The report is published by SNL Metals and Mining. DOLLARS OF PROJECT EXPANSION PLANS AT RISK

The report finds that total capital spending across all mining companies has declined by around $70 billion since the 2012 peak to just over $150 billion forecast for this year. As one business case example, the project investment at BHP Billiton this year will be $10 billion below its 2013 peak. The world’s number one miner only has four projects in the works, two of which are almost complete, compared to 18 mine and infrastructure developments just two years ago.

In a Mining.com press story by Frik Els on 21 September 2015 titled: “This is the scariest mining chart you’ll see today”, the investor alert numbers are brought out visually.

This is another piece of economic trend evidence in my blog’s strategic theme of changing times for traffic that feeds the dreams of massive new rail freight projects.

“a Bridge Too Far” analysis?

Only the strongest as low cost per ton-kilometer cost new rail projects might be competitive.

Too many rail projects on the drawing boards are simply under designed as to the necessary competitive productivity to prosper as investment grade scenarios. Trains would be too small because they often lack big train technology design features of the most successful resource rail carriers. Axle loads too small. Train lengths too short. Clearances too shallow. Net to tare wagon rates are too low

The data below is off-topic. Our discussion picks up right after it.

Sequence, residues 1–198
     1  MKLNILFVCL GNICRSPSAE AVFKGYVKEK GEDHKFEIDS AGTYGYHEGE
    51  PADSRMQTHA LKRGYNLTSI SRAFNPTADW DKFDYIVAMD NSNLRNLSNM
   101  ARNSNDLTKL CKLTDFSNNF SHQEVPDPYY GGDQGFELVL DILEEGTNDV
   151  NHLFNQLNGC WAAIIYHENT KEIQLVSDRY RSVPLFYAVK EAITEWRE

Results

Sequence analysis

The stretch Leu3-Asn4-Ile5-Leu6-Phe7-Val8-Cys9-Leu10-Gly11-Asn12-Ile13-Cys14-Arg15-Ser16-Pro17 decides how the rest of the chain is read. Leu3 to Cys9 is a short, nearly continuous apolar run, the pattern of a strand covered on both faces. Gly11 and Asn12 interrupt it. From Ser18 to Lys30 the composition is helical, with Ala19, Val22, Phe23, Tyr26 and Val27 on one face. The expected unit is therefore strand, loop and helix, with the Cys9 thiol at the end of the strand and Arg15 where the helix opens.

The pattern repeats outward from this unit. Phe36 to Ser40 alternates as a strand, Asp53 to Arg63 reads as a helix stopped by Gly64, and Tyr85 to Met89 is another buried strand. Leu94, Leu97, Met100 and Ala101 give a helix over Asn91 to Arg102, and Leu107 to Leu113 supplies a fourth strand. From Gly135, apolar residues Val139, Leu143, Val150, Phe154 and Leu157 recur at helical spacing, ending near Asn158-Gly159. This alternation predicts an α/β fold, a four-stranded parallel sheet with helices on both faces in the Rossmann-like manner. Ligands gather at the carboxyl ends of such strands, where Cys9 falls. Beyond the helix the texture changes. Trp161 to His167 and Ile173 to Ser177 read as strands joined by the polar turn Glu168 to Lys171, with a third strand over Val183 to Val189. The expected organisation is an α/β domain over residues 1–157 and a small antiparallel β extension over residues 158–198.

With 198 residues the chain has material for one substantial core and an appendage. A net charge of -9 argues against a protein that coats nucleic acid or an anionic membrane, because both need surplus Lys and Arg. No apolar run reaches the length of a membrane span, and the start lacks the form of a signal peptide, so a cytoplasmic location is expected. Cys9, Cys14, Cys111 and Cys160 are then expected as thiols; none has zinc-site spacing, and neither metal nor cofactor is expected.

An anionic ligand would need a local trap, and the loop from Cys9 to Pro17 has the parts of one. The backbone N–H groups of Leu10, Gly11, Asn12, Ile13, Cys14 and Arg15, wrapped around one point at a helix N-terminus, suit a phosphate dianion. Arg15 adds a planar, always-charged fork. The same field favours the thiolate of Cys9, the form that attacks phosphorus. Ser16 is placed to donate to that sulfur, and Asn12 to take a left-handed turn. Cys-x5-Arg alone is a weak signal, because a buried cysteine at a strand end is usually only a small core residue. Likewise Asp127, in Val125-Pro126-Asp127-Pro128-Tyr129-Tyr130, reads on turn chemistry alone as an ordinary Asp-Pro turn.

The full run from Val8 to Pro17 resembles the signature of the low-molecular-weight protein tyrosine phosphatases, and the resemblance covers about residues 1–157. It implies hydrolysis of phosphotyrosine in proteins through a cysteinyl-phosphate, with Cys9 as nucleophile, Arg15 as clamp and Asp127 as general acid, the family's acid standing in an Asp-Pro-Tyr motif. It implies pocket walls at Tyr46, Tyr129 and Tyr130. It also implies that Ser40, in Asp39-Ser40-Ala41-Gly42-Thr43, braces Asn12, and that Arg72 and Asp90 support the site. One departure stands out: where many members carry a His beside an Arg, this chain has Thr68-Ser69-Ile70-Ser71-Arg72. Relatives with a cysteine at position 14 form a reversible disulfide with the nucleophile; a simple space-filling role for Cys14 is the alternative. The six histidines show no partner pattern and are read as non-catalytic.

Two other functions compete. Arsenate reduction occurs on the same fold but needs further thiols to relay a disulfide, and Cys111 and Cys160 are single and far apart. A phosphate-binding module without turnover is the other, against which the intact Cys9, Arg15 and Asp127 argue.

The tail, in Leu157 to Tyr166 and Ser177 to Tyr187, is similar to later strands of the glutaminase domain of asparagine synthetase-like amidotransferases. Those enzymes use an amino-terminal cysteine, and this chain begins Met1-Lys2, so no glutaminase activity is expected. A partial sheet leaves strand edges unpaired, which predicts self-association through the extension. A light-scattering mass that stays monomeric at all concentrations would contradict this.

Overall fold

Too many are now ill advised rail schemes. “Schemes” in North American business language generally means a buyer beware concept plan”.

In Africa alone, I estimate that as many as two thirds of “announced” rail line freight projects may be too risky to build as currently designed around old market demand and old post World War-2 rail engineering standards. That could mean as much as $25 to $34 billion of “schemes” seriously require a second due diligence look just in Africa.

Africa is not alone. The billions in proposed rail engineering in the Canadian Yukon/Alaska region also need serious market demand re-examination. If not by the project sponsors, then certainly by the investors they will approach. Brazil, Mongolia, Swaziland, Senegal — all of their rail design and expected market traffic assumptions need serious review for their current planning.

For more, log onto Mining.com

Chart Sources: SNL Metals & Mining

Greenfield cap ex spending chart

Bear market recovery projection for commodities chart

Update on Ethiopia’s Light Rail System as it starts operating // Sept 2015

Multiple reports confirm the start of light rail service in the capital of Ethiopia on 20 September 2015.  The start of service on Line #1 is actually relatively close to the promised service date.  Funding approved in 2011 assumed a two year construction timeline.